Quiet traumas and long-festering emotional wounds abound in this collection.
Elucidating the tensions that can arise over a long period of intimacy, or that can emerge from an unspoken sense of resentment, can be a difficult thing to pull off in fiction. At their best, the stories in Martin’s (Late One Night, 2016, etc.) collection offer an impressive demonstration of just how to convey these trying emotional states. Martin’s stories frequently encompass decades’ worth of events in the lives of their characters. Ancil and Lucy, the couple at the center of “The Last Civilized House,” have been together for 55 years as the story opens. When Lucy reconnects with an old flame, there’s a weight to the accumulation of events and a power that keeps the narrative unpredictable as secrets and resentments slowly come to the foreground. There’s plenty of tension in these tightly wound connections between characters. The protagonist of “Bad Family,” Lily Chang, recalls coming-of-age in China in the time of Chairman Mao. Since then, years have passed; she’s now living in Nebraska, maintaining an unlikely bond with her ex-husband and his new wife. Her decision to begin sending anonymous, threatening letters to the couple complicates matters—but it also feels somewhat arbitrary, an unexpectedly violent act whose motives and consequences require more space to fully explore. But the best of these stories also showcase an impressive restraint: The narrator of the title story gives a detailed account of his bonds with each of his estranged parents, but passing allusions to certain events—one character’s time in prison, for example—create an even grander sense of interconnection. Sudden moments of violence outnumber epiphanies in these stories, and the effect creates a quiet melancholy.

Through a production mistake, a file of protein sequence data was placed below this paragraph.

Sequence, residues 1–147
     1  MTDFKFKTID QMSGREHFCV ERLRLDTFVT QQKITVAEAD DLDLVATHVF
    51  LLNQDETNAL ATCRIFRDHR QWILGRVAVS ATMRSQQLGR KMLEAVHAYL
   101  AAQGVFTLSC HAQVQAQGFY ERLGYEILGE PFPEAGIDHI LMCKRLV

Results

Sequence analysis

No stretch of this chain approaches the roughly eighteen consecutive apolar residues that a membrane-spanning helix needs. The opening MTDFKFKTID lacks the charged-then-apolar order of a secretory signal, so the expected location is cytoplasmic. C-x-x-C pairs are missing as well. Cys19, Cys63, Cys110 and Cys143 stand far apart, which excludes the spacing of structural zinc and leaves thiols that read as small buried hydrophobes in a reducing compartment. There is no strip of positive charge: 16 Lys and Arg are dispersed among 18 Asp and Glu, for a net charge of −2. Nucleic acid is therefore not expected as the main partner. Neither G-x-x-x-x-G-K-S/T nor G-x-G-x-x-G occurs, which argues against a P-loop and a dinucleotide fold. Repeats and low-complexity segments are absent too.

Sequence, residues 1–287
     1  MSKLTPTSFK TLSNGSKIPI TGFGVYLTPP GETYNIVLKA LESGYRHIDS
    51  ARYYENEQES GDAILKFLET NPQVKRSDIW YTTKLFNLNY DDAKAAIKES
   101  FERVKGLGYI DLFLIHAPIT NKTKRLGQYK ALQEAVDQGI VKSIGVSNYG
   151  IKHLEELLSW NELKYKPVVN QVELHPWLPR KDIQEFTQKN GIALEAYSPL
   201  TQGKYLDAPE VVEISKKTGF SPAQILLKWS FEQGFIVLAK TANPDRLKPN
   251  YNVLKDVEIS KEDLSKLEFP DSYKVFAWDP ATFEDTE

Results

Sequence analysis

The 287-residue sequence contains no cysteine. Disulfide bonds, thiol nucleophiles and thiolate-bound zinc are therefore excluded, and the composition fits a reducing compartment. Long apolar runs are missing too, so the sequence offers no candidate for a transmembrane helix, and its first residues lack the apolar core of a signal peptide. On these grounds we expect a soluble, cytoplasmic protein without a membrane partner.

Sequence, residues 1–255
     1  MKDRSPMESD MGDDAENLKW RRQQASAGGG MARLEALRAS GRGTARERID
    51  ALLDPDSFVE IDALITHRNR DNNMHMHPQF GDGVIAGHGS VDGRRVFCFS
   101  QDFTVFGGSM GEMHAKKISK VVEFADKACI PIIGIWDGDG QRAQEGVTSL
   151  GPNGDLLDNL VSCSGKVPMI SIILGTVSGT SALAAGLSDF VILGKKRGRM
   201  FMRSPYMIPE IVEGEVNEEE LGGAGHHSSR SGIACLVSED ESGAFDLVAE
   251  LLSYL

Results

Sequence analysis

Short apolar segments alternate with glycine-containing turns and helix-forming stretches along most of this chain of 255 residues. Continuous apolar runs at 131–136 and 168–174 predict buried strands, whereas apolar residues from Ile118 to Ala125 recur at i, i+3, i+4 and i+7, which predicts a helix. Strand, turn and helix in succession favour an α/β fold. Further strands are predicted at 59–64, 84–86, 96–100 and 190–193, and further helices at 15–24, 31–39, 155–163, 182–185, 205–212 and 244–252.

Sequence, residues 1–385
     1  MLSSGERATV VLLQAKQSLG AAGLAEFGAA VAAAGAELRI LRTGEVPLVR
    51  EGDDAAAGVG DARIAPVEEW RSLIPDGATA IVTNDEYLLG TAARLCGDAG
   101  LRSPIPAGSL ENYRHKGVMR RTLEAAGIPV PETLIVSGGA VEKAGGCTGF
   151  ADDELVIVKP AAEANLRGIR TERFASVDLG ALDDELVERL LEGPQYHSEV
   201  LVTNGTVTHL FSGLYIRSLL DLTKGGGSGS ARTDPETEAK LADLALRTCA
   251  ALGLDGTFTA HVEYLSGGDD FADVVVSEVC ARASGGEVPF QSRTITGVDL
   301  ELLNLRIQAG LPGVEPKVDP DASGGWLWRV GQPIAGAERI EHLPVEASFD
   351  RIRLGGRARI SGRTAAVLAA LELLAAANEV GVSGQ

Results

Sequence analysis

With precise storytelling, Martin chronicles the unrest in his characters’ lives and the shocking moments when tensions reach their breaking points.